PHOTO TIPS

PHOTO TIPS

by: Colleen Richardson

Now that hunting season is underway I thought it would be helpful to give some photo tips of your next trophy. There are a few important guidelines to follow to ensure that your hunt is forever memorialized in great quality photos. There are lots of bad hunting photos in the world but with just a few short steps you can have some great photos to help that hunt last a lifetime! I have shared some of the photos I have taken over the years and they are by no means perfect but can give you some good ideas of do’s and don’ts next time you take some hunting photos.

1) Set up and clean up your animal- tuck his/her legs underneath him, set his best side toward the camera (less blood, entry vs. exit wounds etc.), clean up the blood as best you can from around the wound and especially its mouth, and be sure to tuck that tongue back in (or cut it out). The nicer you make your trophy look the better it will look in the picture. This is purely out of respect for the animal who gave its life for you to provide for your family.

 2) Clean up the area you are shooting in, i.e., remove tall vegetation or debris that is between the camera and the animal. If the scene of the animal is quite bloody, move 5 or ten yards away to a clean open area. You want pictures of the hunter and the trophy, not the large blade of grass that is in front of its face or a pool of blood nearby.

3) Choose a good backdrop. Be sure to look around and get a backdrop that encompasses your hunting environment (tree line, canyon, food plot, sunset) this will be the scenery for your photo, choose wisely.

Photo courtesy of Zac Griffith

4) Put the light towards you (not at your back unless it’s a great sunset) and ALWAYS USE THE FLASH, it’s your best friend! This will help bring good lighting to you photos and help to eliminate shadows. Use the flash even during mid-day shots; this will increase the quality immensely. Be sure to turn it off if taking shots of live animals so you don’t spook them either.

These photos were taken back to back and show the drastic difference between a flash and no flash in low light situations. Time of day will play a large role in how the quality of your photos turn out. Below is a great example of a photo with flash and one without in a mid morning light setting.

5) Get eye/shoulder level with the trophy. Taking pictures standing above does neither you nor the trophy any justice. The lower you get the better you can highlight the key points of the animal and hunter.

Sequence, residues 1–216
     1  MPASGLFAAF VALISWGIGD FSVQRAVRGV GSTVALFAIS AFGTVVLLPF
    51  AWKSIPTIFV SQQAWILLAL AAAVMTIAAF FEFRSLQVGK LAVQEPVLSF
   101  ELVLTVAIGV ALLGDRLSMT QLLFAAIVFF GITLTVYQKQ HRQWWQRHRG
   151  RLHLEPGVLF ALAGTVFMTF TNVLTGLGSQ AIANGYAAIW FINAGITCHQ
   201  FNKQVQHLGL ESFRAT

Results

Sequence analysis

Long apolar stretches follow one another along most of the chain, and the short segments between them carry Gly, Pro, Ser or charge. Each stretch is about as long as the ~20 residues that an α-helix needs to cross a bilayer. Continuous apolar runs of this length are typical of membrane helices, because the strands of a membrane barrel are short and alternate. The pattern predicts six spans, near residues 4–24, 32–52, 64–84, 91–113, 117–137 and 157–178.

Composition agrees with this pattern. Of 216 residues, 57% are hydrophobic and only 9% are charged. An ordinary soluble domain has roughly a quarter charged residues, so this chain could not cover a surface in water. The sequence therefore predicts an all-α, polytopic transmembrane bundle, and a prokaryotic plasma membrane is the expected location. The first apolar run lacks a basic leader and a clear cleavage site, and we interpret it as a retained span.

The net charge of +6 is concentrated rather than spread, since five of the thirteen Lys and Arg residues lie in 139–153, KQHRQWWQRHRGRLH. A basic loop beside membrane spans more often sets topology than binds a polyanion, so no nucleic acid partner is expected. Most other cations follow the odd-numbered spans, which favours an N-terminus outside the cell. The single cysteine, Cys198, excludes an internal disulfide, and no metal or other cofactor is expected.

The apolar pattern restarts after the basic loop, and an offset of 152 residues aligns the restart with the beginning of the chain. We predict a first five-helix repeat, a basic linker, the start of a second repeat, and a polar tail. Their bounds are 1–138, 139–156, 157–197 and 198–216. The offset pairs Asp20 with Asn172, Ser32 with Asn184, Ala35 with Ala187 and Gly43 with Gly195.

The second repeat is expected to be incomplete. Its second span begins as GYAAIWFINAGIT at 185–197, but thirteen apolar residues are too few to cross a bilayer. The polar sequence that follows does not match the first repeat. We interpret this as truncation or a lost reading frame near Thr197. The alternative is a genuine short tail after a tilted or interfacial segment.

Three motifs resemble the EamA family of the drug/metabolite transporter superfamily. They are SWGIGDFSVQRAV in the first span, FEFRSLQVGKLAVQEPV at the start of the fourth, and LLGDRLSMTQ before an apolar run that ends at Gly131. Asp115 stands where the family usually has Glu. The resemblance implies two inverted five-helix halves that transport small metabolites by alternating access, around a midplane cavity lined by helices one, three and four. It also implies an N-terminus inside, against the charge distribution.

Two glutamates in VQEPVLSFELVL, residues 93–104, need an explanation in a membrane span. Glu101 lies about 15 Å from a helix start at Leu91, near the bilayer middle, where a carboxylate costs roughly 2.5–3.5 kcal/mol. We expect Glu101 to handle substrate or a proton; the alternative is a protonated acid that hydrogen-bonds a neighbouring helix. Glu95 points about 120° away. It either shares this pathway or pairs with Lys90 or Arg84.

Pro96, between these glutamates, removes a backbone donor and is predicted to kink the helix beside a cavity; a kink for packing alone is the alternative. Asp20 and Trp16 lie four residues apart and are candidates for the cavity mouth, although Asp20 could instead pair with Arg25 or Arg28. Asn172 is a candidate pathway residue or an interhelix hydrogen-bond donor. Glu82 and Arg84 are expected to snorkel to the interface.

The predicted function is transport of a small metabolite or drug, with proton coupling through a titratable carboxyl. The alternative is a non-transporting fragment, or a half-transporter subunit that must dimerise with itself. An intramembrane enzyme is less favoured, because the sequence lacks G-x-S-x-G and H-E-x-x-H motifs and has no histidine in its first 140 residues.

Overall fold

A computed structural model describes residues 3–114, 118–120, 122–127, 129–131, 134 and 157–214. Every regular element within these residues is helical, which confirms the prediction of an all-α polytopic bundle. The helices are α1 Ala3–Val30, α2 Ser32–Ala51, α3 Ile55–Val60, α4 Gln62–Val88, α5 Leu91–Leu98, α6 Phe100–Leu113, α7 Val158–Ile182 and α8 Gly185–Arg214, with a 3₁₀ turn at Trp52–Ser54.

6) Take shots from multiple angles. Turn the head of the trophy to be sure to get all characteristics of the antlers or horns. Be sure not to sit in front of the antlers or horns so you can highlight them against a light back drop (like a silhouette on a sunset). Sky lighting the horns, antlers or fan tails give the shot some dimension and perspective of the size and characteristics of the trophy.

Photo courtesy of Zac Griffith
7) Place your firearm in a safe position. Do NOT point the barrel of your gun in someone’s face, set it up responsibly (like you know how to handle a gun). If you have an archery trophy be sure to place the bow in for a few shots as well, this will help the credibility of the trophy to record books.  
8) Be sure to get several of you with your trophy but don’t forget to take some shots with your hunting party! If it is a guided hunt, take photos with your guide, the logo of the outfitter or in one of their “photo areas”. This helps to preserve the good memories you had with that guide and helps to give them some good promo pictures they can use to show the quality of hunt and trophies they provide. If it’s a family hunt be sure to get the whole herd together!
Photo courtesy of Amie Riggs, Photo taken by Shane Riggs
9) Be sure to charge your camera or bring extra batteries. A good quality camera can take 300+ pictures before the battery runs out of life but you don’t want to be stuck with one bar of battery left when you have a trophy on the ground. Be prepared!
10) MOST IMPORTANTLY, take the time to take lots of pictures, not only of the hunter and trophy but also candid shots along the way. What’s the worst you can do, delete them? It’s always best to have too many pictures than not enough. Remember, there is no going back once the knives are out! Taking the time to take good quality shots is just as important as preserving the meat, except you are preserving the memories. 
Hope these little tips help next time you are in the woods and always remember to smile!
Colleen Richardson is a Pro Staff Member of Shoot Like A Girl. For more information on Colleen go to www.ShootLikeAGirl.com and click on the Pro Staff Link at the top of the homepage. 

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